The Committee to Protect Bloggers supports the Act, so maybe worth a look. Then again, Orange Country Congressman Cox was recently appointed by George W. Bush as the next Chairman of the Securities and Exchange Commission, so caution is probably advisable. The White House offers a handy CV so if readers can find a good reason why the Act shouldn't be supported, leave them in comments.
Fox News investigates the Israeli spy network within the US and what information, if any, the Israelis knew about 9/11 before it happened but failed to pass onto the Americans.
Why's Murdoch's Fox News looking into this matter? Good question. The report is far from conclusive, but poses some fascinating questions. "Why would Israelis spy in and on the U.S.?" the report asks. "A general accounting office investigation referred to Israel as country A and said, 'According to a U.S. intelligence agency, the government of country A conducts the most aggressive espionage operations against the U.S. of any U.S. ally.'"
Ben Stein is a "writer, actor, economist, and lawyer in Beverly Hills and Malibu [and] a former presidential speechwriter". Writing in the American Spectator on the unmasking of "Deep Throat", Andrew Sullivan rightly suggests Stein is "completely losing it":
"[B]lood will tell, as the old saying goes: [Mark Felt's] posterity is now dragging out his old body and putting it on display to make money. (Have you noticed how Mark Felt looks like one of those old Nazi war criminals they find in Bolivia or Paraguay? That same, haunted, hunted look combined with a glee at what he has managed to get away with so far?) And it gets worse: it's been reported that Mark Felt is at least part Jewish. The reason this is worse is that at the same time that Mark Felt was betraying Richard Nixon, Nixon was saving Eretz Israel. It is a terrifying chapter in betrayal and ingratitude. If he even knows what shame is, I wonder if he felt a moment's shame as he tortured the man who brought security and salvation to the land of so many of his and my fellow Jews. Somehow, as I look at his demented face, I doubt it."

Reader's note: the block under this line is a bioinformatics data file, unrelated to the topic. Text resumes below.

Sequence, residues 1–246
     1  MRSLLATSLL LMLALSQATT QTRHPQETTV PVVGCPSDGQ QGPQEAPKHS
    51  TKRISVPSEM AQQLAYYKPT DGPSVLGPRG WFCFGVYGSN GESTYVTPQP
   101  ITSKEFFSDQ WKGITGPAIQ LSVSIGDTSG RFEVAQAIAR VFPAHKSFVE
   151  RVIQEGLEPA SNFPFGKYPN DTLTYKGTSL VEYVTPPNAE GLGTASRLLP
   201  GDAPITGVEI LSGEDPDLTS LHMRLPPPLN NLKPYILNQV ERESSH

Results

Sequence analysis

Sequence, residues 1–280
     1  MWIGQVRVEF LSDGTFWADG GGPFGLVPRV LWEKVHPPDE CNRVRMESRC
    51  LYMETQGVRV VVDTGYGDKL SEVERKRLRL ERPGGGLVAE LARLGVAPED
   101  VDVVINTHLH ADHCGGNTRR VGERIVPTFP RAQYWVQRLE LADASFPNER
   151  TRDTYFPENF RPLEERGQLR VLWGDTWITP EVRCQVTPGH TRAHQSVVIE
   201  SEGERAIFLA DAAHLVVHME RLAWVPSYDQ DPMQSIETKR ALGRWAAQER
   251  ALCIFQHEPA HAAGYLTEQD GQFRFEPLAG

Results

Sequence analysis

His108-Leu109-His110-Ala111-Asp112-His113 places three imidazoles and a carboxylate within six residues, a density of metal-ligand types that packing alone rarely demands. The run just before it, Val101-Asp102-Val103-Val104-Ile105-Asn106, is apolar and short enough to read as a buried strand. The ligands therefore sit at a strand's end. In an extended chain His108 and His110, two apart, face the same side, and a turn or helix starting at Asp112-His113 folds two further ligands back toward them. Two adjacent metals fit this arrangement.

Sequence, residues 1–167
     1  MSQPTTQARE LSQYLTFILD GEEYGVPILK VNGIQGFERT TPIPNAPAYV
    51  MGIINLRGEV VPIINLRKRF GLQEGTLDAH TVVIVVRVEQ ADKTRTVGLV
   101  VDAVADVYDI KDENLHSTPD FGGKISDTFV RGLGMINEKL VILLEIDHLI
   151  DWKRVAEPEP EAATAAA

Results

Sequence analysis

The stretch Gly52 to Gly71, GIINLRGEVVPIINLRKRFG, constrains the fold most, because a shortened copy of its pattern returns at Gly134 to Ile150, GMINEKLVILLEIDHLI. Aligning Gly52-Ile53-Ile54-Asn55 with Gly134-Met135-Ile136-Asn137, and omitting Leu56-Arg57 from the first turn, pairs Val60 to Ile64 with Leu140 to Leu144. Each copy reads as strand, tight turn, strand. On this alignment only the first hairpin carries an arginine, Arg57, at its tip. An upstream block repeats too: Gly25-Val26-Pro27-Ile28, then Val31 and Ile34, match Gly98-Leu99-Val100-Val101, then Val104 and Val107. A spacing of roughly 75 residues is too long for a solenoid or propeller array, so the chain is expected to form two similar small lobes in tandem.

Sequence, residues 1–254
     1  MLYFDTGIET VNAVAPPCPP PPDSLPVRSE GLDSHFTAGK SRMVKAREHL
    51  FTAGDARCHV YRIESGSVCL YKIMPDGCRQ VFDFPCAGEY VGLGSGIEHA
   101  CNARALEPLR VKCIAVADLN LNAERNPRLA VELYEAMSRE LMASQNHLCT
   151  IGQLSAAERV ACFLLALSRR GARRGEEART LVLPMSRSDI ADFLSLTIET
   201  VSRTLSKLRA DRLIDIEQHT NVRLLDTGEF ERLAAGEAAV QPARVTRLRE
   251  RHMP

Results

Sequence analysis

On this balmy Sunday evening in Sydney, two pieces to avoid the pitfalls of having to watch Big Brother.
Former US Presidential candidate and consumer advocate, Ralph Nader, wonders if the advent of the internet has lessened our chances of organising as a legitimate and credible alternative to the "irrevocably corrupt Democratic and Republican parties" and has made us " slaves to our machines?"
It's a provocative piece, and although I don't fully agree with some of Nader's conclusions, his intentions are simple: a grassroots movement to shake up the establishment.
Secondly, investigative journalist Greg Palast takes on the globalisation lover, Thomas Friedman:
"In his endless series of pukey peons to globalisation, Friedman promises that free trade, an end of regulation, slashing government welfare and privatisation of industry will lead to an economic nirvana. Yet, all he and his globalisation clique can point to as the free market's accomplishment is the murderous competition between workers across borders to cut their wages for the chance to work in the new digital sweatshops."
Is the editor-in-chief of Le Monde anti-Semitic? A French court thinks so. A June 2002 article suggested that Israel treated the Palestinians with disdain. One of the offending paragraphs:
"The Jews of Israel, descendants of an apartheid named the ghetto, ghettoize the Palestinians. The Jews who were humiliated, scorned and persecuted humiliate, scorn and persecute the Palestinians. The Jews who were the victims of a pitiless order impose their pitiless order on the Palestinians. The Jews, scapegoats for every wrong, make scapegoats of Arafat and the Palestinian Authority."